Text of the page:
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Hello Everyone :)

I bet you have heard this about 1,000,001 times, but I am another individual who is interested in learning programming. I am currently a business major with a concentration in MIS. I have web site and graphic design experience, I have been developing static HTML web sites for small business and corporations for over 5 years. In addition, I have integrated my custom design templates onto open-source php applications such as: osCommerce and Joomla. Now it is time, to move into the real thing: C# and ASP!!

I would like to move away from graphic design and learn web development. I am interested in developing web application, hopefully a SaaS in the future.

My friend has suggested me to start off with learning VisualBasic, then move into C#, then into Asp.Net. Is this the correct path to take? Could I jump into C# straight or is better to start from VisualBasic?

I would like to find out from fellow members, what are some good books or online videos that I can buy to start off this adventure!

Thanks!

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Last Post by Rashakil Fol
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C# and VB.NET (probably what your friend meant by VisualBasic) are essentially the same language with a different look and feel. Pick which one you're more comfortable with and go with it.

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There is still a confusion with Visual Basic and Visual Studio and .NET.
As I see it : .NET is an application framework that contains a huge library of already coded "things" to make the life of a programmer much easier.
Visual Studio is an IDE (Integrated Development Environment) which supports .NET and different computer languages like Visual Basic, C# and C++ which are the most common, but there are others(eg F#)
So C# could as well be called C#.NET.
Shoot me if I am wrong.

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>There is still a confusion with Visual Basic and Visual Studio and .NET.
Not in this thread. The OP said VisualBasic, which while vague can be assumed to mean VB.NET because the alternative is C# and the ultimate goal is ASP.NET. Visual Studio wasn't mentioned until you brought it up, nor was the .NET framework independent of a language.

>So C# could as well be called C#.NET.
It could, but you would be wrong when talking about the standardized language because .NET isn't the only framework that supports C#. C#.NET would be meaningful for versions of C# that are only available from Microsoft, but then it would make more sense to be specific about the version of the language rather than just generally specifying .NET because that's how you can determine which extended features are supported.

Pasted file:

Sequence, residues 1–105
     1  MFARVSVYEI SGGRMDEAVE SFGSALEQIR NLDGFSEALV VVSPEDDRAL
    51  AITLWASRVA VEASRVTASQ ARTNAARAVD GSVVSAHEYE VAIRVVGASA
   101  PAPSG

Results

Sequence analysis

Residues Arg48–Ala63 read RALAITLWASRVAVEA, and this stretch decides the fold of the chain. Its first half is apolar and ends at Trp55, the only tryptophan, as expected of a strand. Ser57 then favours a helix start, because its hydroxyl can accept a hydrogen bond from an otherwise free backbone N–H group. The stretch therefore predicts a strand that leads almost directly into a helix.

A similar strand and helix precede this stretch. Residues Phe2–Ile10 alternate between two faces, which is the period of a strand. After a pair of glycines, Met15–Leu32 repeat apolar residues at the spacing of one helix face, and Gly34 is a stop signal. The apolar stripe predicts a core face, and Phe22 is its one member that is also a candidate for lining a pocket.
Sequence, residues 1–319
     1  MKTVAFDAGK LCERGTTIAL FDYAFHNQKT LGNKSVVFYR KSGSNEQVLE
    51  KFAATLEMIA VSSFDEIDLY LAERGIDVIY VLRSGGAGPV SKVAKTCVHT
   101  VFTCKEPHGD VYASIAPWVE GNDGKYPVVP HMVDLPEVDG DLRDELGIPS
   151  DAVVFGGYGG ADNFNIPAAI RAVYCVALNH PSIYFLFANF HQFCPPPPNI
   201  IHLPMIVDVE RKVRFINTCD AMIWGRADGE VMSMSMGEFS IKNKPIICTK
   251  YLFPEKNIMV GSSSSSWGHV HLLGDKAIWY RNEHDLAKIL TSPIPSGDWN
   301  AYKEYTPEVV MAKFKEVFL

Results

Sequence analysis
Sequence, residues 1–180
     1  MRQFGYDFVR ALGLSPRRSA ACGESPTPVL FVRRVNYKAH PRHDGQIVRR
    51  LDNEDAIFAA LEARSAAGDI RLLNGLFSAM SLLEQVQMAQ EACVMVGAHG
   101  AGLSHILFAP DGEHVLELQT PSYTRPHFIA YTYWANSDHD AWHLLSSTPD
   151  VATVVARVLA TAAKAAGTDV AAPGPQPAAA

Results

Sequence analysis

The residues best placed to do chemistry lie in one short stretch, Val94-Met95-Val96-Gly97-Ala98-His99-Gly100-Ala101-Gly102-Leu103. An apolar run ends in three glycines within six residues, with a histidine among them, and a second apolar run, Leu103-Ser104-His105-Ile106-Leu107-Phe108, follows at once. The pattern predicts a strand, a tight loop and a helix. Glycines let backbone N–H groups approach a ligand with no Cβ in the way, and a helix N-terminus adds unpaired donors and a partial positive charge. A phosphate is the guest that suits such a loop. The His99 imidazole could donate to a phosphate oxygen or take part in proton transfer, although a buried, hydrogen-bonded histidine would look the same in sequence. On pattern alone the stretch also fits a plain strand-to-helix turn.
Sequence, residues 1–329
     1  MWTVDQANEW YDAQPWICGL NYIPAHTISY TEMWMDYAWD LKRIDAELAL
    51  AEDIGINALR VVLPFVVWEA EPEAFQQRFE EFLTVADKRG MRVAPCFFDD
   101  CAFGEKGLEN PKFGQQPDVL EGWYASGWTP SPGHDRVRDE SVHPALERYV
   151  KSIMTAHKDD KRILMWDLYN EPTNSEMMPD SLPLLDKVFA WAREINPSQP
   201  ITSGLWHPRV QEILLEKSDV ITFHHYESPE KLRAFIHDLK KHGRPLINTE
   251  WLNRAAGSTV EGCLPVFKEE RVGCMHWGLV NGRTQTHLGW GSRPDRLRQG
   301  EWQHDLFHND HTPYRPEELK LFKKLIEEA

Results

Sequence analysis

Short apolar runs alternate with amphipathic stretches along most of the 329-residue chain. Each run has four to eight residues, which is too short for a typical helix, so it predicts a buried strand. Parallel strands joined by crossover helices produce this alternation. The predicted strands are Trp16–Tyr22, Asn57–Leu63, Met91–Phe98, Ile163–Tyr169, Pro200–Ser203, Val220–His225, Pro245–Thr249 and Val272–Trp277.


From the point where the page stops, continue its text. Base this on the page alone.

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I was told to use VisualBasic first, to get my hands wet and get a feel. Then learn (C# - C Sharp).

Any thoughts? For a beginner, is it better to start off with VisualBasic first. Is C# too hard for a beginner to programming?

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I hate it when it seems like I'm being ignored. I'll quote the relevant part of my post one more time, then refuse to answer your question again if you continue to ask the same question after being given a suitable answer.

C# and VB.NET (probably what your friend meant by VisualBasic) are essentially the same language with a different look and feel. Pick which one you're more comfortable with and go with it.

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Narue,

I do not want to depend on a softtwre like VB.NET to plug in/use existing codes for. I would rather learn from scratch. I wonder, do universities have students start off with VB.NET then C# courses? I guess I should try VB.NET first then get into C# after I get a general knowledge and understanding.

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>I do not want to depend on a softtwre like VB.NET to plug in/use existing codes for.
Um...what? It seems like you have a skewed idea of the difference between C# and VB.NET.

>I wonder, do universities have students start off with VB.NET then C# courses?
Universities are leaning toward Java.

>I guess I should try VB.NET first then get into C#
>after I get a general knowledge and understanding.
Do I really have to spell it out for you? C# is not harder than VB.NET. C# is not easier than VB.NET. They're both equally powerful and flexible, the syntax just looks different. Choosing between C# and VB.NET should be like choosing between two identical shirts of a different color. Which color do you like better? That's it!

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Actually, ___ is easier than ___, because the syntax is less insane, and because my views on syntax should be shared by everybody ;)

Edited: the original version of this post had languages in the spaces, some folks in this thread might evade the need for some necessary critical thinking.

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